Vodafone Is Making a Profit Again. Here’s Why the Shares Fell 9%.

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Vodafone is launching a 5G mobile data network in the U.K.

Photograph by Tolga Akmen/AFP/Getty Images

Vodafone Group

‘s U.S.-listed shares were falling almost 9% on Wednesday. The mobile phone giant saw annual revenue tumble 2.6% because fewer customers, unable to travel abroad during the pandemic, paid roaming charges.

The market also reacted negatively to plans by the U.K.-based telecom group to increase capital expenditure to expand its network. It is competing with rivals such as

BT Group

(BT.A.UK), which is also investing to capture a bigger slice of the market.


Vodafone Group

(VOD) did manage to post a €536 million ($655 million) profit for the year ended March 31, bouncing back into the black from the €455 million loss seen in 2020. It recorded €43 billion in revenue, a decrease from €44 billion in 2020.

The company maintained a total dividend of nine cents per share, prompting Richard Hunter, an analyst at Interactive Investor, to say: “For the income-seeking investor, a dividend yield of around 5.7% remains punchy and is clearly an affordable and desirable part of Vodafone’s strategy, which should keep it ringfenced from other drains on capital.

“The dividend has long been an attraction of the stock and has partially mitigated a tepid share price performance over recent years.”

The company credited the pandemic with accelerating existing long-term trends such as remote working, greater adoption of cloud technology, and digital payments.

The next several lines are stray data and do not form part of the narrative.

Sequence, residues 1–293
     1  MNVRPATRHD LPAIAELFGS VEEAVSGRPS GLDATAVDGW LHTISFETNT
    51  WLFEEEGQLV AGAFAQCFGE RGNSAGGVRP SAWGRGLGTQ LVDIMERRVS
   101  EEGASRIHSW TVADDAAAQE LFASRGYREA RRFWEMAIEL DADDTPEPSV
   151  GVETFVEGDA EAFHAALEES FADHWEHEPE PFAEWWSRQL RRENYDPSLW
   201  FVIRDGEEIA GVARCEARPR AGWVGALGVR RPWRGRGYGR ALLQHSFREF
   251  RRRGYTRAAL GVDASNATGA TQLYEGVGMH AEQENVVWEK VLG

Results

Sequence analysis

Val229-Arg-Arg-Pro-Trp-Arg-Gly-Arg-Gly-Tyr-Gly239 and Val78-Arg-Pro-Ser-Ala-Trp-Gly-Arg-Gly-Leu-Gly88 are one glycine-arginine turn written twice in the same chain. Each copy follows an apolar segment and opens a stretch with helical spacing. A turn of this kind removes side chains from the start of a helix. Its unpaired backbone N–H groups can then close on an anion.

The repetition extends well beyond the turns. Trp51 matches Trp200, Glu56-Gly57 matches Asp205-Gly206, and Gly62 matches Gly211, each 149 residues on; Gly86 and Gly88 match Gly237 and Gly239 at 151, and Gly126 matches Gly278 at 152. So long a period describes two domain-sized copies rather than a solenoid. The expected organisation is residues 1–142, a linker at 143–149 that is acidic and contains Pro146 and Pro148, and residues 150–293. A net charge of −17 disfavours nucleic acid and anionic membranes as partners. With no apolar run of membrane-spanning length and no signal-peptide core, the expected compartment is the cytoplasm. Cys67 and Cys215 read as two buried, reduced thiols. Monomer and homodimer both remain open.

Nick Read
said in a statement: “The world has changed. The pandemic has shown how critical connectivity and digital services are to society. Vodafone is strongly positioned and through increased investment, we are taking action now to ensure we play a leadership role and capture the opportunities that these changes create.”

The extra investment will be spent on installation of new towers that connect to its customers, hiring more software engineers, and cloud-based services.

The company said it has delivered on the first phase of its strategy to reshape itself and it is now focused on Europe and Africa, and that the future is in digital services and new technology to enhance connectivity. But much depends on Read’s execution of this next stage in the strategy.

William Ryder, an analyst at Hargreaves Lansdown, was upbeat on the stock, saying: “Vodafone’s overall strategy makes sense to us and the focus on Europe and Africa should provide a balance between mature and growth markets going forward.”

Vodafone’s ADRs were down 8.9%, at $18.45, in recent trading. The

S&P 500

was down 0.4%.

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